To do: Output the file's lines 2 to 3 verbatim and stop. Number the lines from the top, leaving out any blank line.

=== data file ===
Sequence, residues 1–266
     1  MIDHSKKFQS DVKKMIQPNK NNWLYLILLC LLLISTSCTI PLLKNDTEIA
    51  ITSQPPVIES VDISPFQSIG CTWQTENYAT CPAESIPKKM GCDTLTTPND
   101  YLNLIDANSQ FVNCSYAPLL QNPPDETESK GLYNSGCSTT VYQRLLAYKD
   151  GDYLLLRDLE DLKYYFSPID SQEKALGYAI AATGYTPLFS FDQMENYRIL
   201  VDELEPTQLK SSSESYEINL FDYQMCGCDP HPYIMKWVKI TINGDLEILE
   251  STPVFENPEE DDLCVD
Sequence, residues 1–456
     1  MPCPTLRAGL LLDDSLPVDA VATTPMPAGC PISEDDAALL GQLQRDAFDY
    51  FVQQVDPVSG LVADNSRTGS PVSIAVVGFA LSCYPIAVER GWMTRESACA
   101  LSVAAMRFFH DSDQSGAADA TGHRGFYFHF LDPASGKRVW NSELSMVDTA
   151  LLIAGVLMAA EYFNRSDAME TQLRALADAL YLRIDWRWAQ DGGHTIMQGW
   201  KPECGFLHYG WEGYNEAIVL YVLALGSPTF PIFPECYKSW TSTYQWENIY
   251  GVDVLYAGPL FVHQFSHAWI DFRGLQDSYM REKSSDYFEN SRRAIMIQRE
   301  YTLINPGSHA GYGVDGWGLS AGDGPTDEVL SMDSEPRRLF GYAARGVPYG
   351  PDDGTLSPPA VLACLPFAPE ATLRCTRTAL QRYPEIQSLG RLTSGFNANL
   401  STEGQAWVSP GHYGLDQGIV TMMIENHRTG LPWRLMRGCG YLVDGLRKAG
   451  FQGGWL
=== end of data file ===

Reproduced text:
     1  MIDHSKKFQS DVKKMIQPNK NNWLYLILLC LLLISTSCTI PLLKNDTEIA
    51  ITSQPPVIES VDISPFQSIG CTWQTENYAT CPAESIPKKM GCDTLTTPND